in the word of God. Which, as perverse, 
impure, and unstable persons do wrest to 
their own destruction, so it affords ineffable 
consolation to holy and pious souls.t 

» Eph. i. 4, 5. iii. 11. 2 Thess. ii. 13, 14. 2 Tim. i. 
9. 10. Tit. i. 2. 1 Pet. i. 2. 20. Rev. xiii. 8. xvii. 8. 

t " Predestination to life is the everlasting purpose of 
God, whereby, betore the foundations of the world were 
laid, he hath constantly decreed by his counsel, secret to 
us, to deliver from curse and damnation those whom he 
hath chosen in Christ out of mankind, and to bring them 
by Christ to everlasting salvation, as vessels made to ho- 
nour. Wherefore they which are endued with so excellent 
a benefit of God, be called according to God's purpose by 
his Spirit working in due season: they through grace 
obey the calling; thoy be justified freely, vVc." Art. xvii. 

X " As the godly consideration of predestination and 
our election in Christ is full of sweet, pleasant, and un- 
speakable comfort to godly persons, and such as fbel in 
themselves the working of the Spirit ofl'hrist, mortifying 
the works of the flesh and their earthly members, and 
drawing up their minds to high and heavenly things; ofl 
well because it doth greatly establish and confirm their 
faith of eternal salvation, to be enjoyed through Christ, as 
because it doth fervently kindle their love-to God; so for 
curious and carnal persons, lacking the Spirit of Chrit-t, 


7. But Election is the immutable purpose 
of God, by which, before the foundations of'" 
the world were laid, he chose, out of the 
whole human race, fallen by their own 
fault from their primeval integrity into sin 
and destruction, according to the most free 
good pleasure of his own will, and of mere 
grace, a certain number of men, neither bet- 
ter nor worthier than others, but lying in the 
same misery with the rest, to salvation in 
Christ; whom he had, even from eternity, 
constituted Mediator and Head of all the 
elect, and the foundation of Salvation; and 
therefore he decreed to give them unto him 
to be saved, and elfectually to call and draw 
them, into communion with him, by his own 
word and Spirit; or he decreed himself to 
give unto them true faith,* to justify, to 
sanctify, and at length powerfully to glorify 
them, having been kept in the communion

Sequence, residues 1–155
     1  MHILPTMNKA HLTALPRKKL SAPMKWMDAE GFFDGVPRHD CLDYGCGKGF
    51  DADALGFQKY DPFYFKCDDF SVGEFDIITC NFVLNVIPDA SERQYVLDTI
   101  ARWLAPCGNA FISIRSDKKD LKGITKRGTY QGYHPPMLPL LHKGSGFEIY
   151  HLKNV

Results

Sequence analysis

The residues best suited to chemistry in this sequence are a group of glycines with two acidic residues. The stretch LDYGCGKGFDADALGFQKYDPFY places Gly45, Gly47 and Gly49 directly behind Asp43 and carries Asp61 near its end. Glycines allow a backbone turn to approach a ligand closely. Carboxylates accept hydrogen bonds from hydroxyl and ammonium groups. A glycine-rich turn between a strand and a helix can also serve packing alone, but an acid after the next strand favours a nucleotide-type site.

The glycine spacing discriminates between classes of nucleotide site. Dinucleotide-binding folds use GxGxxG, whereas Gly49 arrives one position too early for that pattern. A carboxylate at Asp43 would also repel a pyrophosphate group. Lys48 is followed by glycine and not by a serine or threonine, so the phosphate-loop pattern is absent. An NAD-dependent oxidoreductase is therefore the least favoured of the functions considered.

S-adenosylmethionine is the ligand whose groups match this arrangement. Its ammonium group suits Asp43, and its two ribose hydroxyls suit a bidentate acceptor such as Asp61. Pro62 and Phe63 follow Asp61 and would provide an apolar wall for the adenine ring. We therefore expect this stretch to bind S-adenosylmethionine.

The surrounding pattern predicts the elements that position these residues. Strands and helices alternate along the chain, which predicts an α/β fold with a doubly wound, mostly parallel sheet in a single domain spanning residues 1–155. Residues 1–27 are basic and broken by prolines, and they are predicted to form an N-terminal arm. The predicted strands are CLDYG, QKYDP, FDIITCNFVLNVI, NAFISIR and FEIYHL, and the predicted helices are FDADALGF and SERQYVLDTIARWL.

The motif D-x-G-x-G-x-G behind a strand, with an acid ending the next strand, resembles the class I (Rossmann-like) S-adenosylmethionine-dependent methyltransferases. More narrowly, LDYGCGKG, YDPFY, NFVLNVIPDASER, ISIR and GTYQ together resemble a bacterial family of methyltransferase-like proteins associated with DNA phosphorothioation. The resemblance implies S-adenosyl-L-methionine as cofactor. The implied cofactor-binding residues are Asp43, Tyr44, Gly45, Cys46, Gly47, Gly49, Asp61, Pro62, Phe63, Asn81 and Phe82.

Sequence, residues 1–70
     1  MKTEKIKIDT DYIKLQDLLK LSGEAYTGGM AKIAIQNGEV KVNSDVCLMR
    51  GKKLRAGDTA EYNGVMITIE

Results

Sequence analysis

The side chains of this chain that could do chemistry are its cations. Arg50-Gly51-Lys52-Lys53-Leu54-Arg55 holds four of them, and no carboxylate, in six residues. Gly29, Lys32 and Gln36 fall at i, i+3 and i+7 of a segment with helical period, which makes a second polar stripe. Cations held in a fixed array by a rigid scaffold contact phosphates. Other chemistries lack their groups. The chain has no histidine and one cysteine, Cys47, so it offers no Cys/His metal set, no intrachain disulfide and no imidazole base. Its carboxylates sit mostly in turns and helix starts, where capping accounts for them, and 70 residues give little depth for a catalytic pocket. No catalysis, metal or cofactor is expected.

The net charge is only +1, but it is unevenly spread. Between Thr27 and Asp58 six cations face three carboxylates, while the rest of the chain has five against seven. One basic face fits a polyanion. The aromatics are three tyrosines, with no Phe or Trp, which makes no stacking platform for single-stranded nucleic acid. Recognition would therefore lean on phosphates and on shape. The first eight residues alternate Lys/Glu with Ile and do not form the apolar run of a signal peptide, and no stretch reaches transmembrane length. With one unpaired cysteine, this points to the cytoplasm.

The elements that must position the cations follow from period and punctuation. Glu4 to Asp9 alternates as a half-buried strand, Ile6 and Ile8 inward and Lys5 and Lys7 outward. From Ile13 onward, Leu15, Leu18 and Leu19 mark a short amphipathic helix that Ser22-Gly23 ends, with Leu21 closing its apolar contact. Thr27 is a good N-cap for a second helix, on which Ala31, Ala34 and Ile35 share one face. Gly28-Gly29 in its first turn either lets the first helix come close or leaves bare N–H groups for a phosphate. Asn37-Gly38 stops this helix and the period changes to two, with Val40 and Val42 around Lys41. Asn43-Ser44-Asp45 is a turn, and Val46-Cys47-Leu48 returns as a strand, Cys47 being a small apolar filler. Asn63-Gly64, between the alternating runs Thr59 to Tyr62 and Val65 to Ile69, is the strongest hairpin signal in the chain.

to have continually before their eyes the sentence of God's 
predestination, is a most dangerous downfal, whereby the 
devil doth thrust them cither into desperation, or into 
wretchlcssness of most unclean living, no less perilous 
than desperation." Art. xvii. Whatever method of inter- 
pretation be adopted, as to the different parts of this our 
article ; they, who cordially approve it, cannot consistently 
object to this article of the Synod of Dort, which is en- 
tirely coincident with it; and at least not more decided 
and explicit. 

* " We believe that the Holy Spirit dwelling in our 
hearts, imparts to us true faith, that we may obtain the 
knowledge of so great a mystery." — Belgic Confession. 


of his Son; to the demonstration of his mer- 
cy, and the praise of the riches of his glorious 
grace, as it is written: " God hath chosen us 
in Christ before the foundations of the world 
were laid, that we should be holy and with- 
out blame before him in love; having pre- 
destinated us unto the adoption of children, 
by Jesus Christ to himself, according to the 
good pleasure of his will. To the praise of 
the glory af his grace, wherein he hath freely 
made us accepted to himself in that Beloved 
One." Eph. i. 4 — 6. And in another place, 
"Whom he did predestinate, them he also 
called; and whom he called, them he also 
justified ; and whom he justified, them he 
also glorified." Rom. viii. 30. 

8. This Election is not multiform, but one 
and the same of all that shall be saved, in 
the Old and New Testament, seeing that the 
Scripture declares the good pleasure, purpose, 
and counsel of the will of God, by which he 
has, from eternity, chosen us to grace and 
glory: both to salvation and the way of sal- 
vation, which he hath "before prepared that 
we should walk in it." (2 Thess. ii. 13, 14. 
1 Pet. 1. 2.) 

9. This same Election is not made from 
any foreseen faith, obedience of faith, holi- 
ness, or any other good quality and disposi- 



tion, as a pre-requisite cause or condition in 
the man who should be elected, but unto 
faith, and unto the obedience of faith, holi- 
ness, &c. And, therefore, (or truly, proinde) 
election is the fountain of every saving bene- 
fit; whence faith, holiness, and the other sa- 
lutary gifts, and finally, eternal life itself, flow 
as its fruit and eff'ect, according to that word 
of the Apostle: " He hath chosen us (not be- 
cause we ivere, but) that we might be holy, 
and without blame before him in love." 
Eph. i. 4. 

10. Now the cause of this gratuitous Elec- 
tion, is the sole good pleasure of God: (Matt, 
xi. 26. Eph. i. 5. 1 Tim. i. 9. Jam. i. 18,) 
not consisting in this, that he elected into the 
condition of salvation certain qualities or hu-